Excess toxins not metabolized by the liver become permanent occupants, hiding in our fat cells, bone marrow, brain, joints, tissues and muscles. Until we experience vague, indistinct symptoms, we are unknowing to their existence. By optimizing liver and kidney function, and ensuring that the digestive tract and skin pores are not obstructed, harmful, excess toxins can be effectively eliminated from the body. Hydrotherapy promotes blood circulation, ensuring that the emunctories or organs of elimination, are supplied with the nutrients they need to function optimally and that harmful waste products are also eliminated.
Hot and cold applications to the body do not only have a localized effect. Our circulatory system is a closed one, consisting of our heart and peripheral vessels (veins, arteries, and capillaries). When one area expands or constricts in response to a temperature change, the whole system reacts. This means that hot or cold applications can be used distal to the area that needs to be treated.1 It’s also important to consider the direction of blood flow.1 Blood moves towards heat and away from cold. For example, a heat pack on the feet or a cold pack over the neck can draw blood away from the head to help relieve congestive headaches.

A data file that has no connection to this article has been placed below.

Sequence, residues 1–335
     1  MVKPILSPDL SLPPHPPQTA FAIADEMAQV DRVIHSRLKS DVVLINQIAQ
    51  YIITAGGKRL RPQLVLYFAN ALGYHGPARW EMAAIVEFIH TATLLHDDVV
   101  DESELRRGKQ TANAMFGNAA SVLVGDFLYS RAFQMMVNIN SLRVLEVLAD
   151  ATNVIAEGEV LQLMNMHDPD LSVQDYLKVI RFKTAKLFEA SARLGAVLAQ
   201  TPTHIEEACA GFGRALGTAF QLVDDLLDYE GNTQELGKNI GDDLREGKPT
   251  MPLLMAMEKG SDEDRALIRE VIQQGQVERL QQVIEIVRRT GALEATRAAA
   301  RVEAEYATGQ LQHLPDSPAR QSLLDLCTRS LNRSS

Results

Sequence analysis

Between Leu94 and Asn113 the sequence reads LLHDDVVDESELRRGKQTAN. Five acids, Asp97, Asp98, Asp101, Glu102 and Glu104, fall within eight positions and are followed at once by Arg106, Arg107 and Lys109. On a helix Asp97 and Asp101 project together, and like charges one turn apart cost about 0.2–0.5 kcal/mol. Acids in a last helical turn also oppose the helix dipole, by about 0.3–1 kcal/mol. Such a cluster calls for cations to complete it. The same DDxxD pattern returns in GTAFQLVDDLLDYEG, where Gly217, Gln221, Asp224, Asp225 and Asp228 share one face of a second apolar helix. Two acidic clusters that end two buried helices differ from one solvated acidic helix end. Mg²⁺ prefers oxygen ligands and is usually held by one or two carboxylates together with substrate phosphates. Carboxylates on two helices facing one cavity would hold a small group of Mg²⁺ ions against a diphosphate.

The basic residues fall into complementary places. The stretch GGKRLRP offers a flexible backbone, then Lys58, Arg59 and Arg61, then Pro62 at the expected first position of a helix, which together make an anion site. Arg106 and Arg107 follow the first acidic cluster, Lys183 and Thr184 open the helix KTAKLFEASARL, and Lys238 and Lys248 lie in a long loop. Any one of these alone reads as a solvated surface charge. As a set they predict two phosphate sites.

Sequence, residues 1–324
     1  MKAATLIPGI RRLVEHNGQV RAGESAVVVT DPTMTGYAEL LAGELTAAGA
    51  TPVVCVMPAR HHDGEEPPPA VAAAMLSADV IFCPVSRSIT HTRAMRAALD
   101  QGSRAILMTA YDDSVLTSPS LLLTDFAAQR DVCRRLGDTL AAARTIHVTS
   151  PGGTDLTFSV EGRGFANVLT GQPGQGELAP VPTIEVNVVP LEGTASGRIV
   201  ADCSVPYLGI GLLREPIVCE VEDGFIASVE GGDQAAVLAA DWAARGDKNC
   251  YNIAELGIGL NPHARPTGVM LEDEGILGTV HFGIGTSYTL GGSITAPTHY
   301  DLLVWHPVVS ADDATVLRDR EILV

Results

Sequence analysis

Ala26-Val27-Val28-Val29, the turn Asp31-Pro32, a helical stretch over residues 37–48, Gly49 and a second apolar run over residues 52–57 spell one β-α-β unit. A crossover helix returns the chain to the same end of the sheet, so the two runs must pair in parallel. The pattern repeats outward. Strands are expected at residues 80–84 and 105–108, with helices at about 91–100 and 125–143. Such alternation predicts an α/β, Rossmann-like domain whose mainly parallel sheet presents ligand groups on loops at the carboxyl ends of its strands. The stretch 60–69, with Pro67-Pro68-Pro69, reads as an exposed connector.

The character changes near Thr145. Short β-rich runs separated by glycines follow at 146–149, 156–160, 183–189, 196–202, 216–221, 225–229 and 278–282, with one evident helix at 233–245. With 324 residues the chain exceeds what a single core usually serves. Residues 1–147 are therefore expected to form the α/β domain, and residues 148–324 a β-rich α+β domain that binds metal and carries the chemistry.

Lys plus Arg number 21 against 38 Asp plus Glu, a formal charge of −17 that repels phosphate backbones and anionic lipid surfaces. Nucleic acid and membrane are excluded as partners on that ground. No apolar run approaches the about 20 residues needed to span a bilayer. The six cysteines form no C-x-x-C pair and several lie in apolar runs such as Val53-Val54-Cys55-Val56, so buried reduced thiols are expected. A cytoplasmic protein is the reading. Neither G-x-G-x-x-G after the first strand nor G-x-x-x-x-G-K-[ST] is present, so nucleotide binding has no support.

Hydrotherapy can be easily incorporated as part of your regular routine to stay healthy. It is an easy, inexpensive, safe and an effective way of staving off winter colds and flus, detoxifying the body, promoting good heart health, decreasing muscle tension and repairing the body after sports and of course, relaxing after a long day.
Easy Hydrotherapy at Home:
(note: If you have a specific health condition, the following protocols may not be safe for you. If you have any concerns or questions, please feel free to contact me at email@example.com)
Steam inhalations are easy to setup and great for coughs, respiratory tract congestion, sinus pain or infections, or a sore throat.
Suggested Essential Oils7
Cold Wet Socks2
A naturopath’s go to when the immune system needs some boosting - whether it be for a cold, flu or bronchitis. Helps with a better sleep. Also great for kids.
As a health care provider, I believe in treating the underlying cause and the truth is that often our mental-emotional issues like depression, anxiety, stress, come from us being our worse critic. I too have been my worse critic, beating myself up over my body, my work, parts of myself that I believed defined who I am. The following is a blog post about a moment of enlightenment that ultimately changed my life and how I see myself.